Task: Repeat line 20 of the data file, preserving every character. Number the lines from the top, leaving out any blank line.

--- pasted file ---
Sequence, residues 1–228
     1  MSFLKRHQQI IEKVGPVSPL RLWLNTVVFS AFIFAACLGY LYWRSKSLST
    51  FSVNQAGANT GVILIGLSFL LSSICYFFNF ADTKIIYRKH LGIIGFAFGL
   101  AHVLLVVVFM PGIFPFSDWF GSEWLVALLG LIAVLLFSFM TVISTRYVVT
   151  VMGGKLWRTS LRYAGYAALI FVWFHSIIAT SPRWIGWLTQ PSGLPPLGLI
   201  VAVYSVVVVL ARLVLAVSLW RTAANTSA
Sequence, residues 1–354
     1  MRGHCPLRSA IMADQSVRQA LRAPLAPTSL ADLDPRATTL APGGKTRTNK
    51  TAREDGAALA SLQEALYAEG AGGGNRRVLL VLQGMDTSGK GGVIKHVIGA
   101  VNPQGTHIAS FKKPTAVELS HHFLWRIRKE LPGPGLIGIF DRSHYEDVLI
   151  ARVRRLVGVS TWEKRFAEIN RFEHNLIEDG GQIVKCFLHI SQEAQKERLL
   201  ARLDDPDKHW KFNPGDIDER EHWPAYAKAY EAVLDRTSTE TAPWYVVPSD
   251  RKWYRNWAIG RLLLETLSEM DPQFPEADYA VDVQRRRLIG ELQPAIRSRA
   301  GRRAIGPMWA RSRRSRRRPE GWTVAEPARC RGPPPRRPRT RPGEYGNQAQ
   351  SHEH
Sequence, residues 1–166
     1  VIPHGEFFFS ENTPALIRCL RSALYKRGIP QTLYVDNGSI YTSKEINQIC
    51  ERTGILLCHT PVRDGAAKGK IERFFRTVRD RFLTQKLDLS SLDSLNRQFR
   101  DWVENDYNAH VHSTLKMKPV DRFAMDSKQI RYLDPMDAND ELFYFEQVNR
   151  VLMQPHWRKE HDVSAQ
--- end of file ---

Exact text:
   151  VLMQPHWRKE HDVSAQ